There remains an overly convoluted network of train ticketing agencies, but there are now plenty of tools to help you navigate the complexities and intricacies of booking long-distance train travel overland. The seat61 website, created by former railway worker Mark Smith, provides a wealth of advice on how to find and book the best tickets. It is especially useful if you are planning multi-stop trips across international borders. A welcome development has been the emergence of Trainline as a platform for booking European train tickets. One of the handy tools it has introduced is an email “ticket alert” which notifies you as soon as reservations are open for your chosen route so you can buy the cheapest tickets as soon as possible. that they are available.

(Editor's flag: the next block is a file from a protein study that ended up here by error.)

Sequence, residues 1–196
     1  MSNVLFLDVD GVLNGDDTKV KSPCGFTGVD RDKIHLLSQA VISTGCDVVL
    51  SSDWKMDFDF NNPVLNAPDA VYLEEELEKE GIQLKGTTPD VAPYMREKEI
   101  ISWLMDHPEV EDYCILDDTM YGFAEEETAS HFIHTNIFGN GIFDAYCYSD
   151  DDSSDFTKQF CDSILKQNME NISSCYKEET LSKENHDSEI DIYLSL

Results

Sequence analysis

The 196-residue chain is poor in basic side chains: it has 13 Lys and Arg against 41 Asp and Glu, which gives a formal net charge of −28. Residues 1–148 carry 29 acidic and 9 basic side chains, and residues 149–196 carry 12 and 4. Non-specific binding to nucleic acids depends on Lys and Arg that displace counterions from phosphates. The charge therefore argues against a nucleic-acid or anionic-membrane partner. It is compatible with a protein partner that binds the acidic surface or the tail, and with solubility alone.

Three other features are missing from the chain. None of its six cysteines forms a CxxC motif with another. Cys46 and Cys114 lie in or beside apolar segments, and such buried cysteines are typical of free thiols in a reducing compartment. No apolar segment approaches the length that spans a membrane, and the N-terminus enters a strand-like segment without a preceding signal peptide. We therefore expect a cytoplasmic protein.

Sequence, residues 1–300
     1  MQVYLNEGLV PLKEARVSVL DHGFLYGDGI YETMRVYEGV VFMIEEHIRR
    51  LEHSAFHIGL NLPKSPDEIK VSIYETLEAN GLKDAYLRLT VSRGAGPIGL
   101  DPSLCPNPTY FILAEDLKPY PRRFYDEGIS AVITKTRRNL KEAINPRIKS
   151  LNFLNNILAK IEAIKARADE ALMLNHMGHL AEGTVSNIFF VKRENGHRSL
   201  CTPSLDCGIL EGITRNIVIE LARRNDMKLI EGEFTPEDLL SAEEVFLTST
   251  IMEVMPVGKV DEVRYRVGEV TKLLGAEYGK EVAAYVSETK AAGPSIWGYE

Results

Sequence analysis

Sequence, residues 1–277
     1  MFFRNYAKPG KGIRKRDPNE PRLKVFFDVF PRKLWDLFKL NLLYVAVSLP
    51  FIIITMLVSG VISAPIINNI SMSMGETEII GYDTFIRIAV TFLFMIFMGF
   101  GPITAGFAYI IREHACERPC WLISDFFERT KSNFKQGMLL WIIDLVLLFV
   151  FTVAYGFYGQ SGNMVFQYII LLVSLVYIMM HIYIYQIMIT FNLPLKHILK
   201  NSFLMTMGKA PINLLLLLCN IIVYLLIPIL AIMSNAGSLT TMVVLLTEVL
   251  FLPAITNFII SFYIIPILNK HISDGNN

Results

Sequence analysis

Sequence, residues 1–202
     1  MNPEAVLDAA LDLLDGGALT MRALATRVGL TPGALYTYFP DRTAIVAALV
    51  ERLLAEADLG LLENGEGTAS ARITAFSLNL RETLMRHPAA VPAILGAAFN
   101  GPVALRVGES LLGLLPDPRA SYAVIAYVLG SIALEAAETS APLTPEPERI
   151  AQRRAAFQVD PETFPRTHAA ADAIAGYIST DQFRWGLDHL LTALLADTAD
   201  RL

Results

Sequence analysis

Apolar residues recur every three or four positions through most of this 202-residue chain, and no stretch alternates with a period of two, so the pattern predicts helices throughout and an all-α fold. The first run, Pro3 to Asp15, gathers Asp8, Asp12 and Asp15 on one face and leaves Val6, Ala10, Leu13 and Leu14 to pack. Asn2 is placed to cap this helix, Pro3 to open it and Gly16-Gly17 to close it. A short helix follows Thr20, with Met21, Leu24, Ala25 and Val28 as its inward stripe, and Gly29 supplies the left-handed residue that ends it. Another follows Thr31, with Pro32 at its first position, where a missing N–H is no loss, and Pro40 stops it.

Decarbonizing air travel is still a long way off, but there’s a pretty big disparity between aircraft carbon emissions and airline operating procedures, and now there are tools to help you find more carbon-efficient flights. , such as the “Greener” wording of choices on search results provided by the Skyscanner flight search engine. by air can be considered ‘green’, but there has been the emergence of ‘positive impact adventures’ which help conserve biodiversity, protect the landscape and contribute significantly to local economic empowerment and to global justice.

The emergence of The Long Run, a global alliance of nature-focused tourism companies that collectively conserve more than 23 million acres of biodiversity, has shown that these types of trips can make a palpable difference in saving precious ecosystems. Members include many pioneering retreats that are integrated into their local community, such as Borana Conservancy at the foot of Mount Kenya, the Caiman Ecological Refuge in the vast Pantanal wetlands in Brazil, Misool in Raja Ampat, Indonesia, which protects some of the most biodiverse coral reefs in the world. , and the Grootbos Private Nature Reserve in South Africa, which protects 790 plant species, many of which are found nowhere else on Earth.